Monday, September 15, 2008

Altruism: Absolute Folly or Universal Principle?

In today's society, cynicism prevails. The common wisdom holds that everyone is looking out for their own individual self-interest first. People say, "It's a dog-eat-dog world."

In a complicated world of competing interests and agendas, why not simply look out for number one? Isn't everyone else doing that?

Besides, it's a world dictated by the survival of the fittest, isn't it? Taking the effort to help someone else, sacrificing something you have to accomplish an end greater than yourself; what's the point in that, in a world where the strongest survive, and the weak perish? Altruism in this context appears to be futile and hopelessly naive.

This is a fundamental foundation of modern thought. But it is incomplete. Yes, the science of evolution demonstrates that those who are best equipped to survive, will prevail. However, there are a broad number of instances where altruism (the act of doing something that does not benefit one's self or is harmful to one's self, but that does benefit others) can be observed to be an essential part of the greater order of the universe.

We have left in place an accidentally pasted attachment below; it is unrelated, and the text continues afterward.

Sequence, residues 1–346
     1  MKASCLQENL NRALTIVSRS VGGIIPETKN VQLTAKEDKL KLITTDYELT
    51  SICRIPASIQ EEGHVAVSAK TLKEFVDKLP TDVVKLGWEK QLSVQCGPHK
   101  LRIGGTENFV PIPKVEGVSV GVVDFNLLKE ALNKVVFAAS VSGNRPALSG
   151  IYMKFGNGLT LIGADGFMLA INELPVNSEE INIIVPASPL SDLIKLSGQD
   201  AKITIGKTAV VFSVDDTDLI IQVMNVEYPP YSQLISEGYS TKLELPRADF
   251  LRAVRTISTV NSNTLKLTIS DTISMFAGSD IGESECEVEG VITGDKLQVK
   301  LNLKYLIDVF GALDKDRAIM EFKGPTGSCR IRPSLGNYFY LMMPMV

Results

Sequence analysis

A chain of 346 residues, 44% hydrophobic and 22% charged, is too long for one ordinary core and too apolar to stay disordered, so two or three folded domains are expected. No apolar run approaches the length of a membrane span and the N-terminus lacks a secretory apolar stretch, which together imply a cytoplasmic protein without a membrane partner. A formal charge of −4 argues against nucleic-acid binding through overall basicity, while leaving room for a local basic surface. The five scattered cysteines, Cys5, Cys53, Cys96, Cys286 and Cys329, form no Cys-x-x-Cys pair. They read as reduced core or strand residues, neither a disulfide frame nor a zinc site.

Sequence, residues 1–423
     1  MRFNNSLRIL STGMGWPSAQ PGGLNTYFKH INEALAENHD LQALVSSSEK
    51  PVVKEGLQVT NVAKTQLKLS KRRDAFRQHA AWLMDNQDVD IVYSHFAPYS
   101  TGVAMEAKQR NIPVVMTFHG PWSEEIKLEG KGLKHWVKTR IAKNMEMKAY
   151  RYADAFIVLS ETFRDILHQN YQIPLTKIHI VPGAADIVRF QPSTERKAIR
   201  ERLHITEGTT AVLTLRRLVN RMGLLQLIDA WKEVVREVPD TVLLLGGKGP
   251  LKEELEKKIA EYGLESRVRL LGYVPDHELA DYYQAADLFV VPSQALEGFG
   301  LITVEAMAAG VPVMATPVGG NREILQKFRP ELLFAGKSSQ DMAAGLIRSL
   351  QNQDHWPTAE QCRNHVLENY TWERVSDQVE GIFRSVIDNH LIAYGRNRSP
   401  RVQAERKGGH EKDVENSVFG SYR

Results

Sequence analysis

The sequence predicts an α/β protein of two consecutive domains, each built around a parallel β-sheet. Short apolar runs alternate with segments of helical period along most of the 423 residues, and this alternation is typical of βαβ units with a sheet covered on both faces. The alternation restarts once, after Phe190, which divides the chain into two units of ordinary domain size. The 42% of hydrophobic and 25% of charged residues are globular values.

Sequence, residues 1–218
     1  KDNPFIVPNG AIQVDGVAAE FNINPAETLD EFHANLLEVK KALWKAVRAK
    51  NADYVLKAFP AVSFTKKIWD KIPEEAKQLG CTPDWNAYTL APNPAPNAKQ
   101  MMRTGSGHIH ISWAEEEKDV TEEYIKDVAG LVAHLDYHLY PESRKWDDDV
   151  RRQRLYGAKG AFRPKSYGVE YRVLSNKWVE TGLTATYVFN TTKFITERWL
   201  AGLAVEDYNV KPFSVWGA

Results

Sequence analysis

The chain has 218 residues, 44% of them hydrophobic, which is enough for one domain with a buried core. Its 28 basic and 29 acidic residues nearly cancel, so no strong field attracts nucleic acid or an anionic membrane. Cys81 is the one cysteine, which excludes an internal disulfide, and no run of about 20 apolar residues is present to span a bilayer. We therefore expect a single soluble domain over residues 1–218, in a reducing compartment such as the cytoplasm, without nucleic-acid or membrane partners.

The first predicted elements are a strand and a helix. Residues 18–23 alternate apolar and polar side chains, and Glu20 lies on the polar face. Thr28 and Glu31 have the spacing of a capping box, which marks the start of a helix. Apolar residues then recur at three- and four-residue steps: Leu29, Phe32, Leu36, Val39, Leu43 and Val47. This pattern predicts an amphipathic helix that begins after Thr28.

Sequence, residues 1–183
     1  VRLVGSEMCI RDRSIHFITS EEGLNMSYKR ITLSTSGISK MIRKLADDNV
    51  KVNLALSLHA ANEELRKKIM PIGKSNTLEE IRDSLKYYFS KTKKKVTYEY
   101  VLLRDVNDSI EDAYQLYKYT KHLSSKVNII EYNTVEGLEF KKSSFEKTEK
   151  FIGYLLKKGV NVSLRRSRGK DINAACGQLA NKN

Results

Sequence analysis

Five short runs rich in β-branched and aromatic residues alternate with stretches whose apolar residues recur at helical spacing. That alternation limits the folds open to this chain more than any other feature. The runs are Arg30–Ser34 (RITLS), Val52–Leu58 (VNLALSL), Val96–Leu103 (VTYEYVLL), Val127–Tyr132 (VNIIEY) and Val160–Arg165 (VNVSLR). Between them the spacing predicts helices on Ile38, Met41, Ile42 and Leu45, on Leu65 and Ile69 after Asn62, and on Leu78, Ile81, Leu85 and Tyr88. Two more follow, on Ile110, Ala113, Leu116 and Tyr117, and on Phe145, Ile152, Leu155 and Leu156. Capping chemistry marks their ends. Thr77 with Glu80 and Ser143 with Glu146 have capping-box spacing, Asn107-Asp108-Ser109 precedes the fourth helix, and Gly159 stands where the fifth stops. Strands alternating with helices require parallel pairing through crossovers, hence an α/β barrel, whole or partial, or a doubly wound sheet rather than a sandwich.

The instinct to help others in ingrained in the human psyche. There are countless examples of other animal species who also act "altruistically". Ants form colonies to ensure the survival of all, lions are organized into prides, primates such as chimpanzees live in social communites devoted to taking care of one another. Even slime molds display a form of altruism.

Myxomycetes (plasmodial slime molds) have a life cycle that involves two feeding stages. The first stage consists of single-celled amoebae. The second stage consists of the plasmodium. To form the plasmodium, the single-celled amoebae merge together to form the multi-cellular plasmodium structure. "Under favorable conditions, the plasmodium gives rise to one or more fruiting bodies containing spores. The spores of myxomycetes are for most species apparently wind-dispersed and complete the life cycle by germinating to produce the uninucleate amoeboflagellate cells" (http://www.discoverlife.org/20/q?search=Eumycetozoa).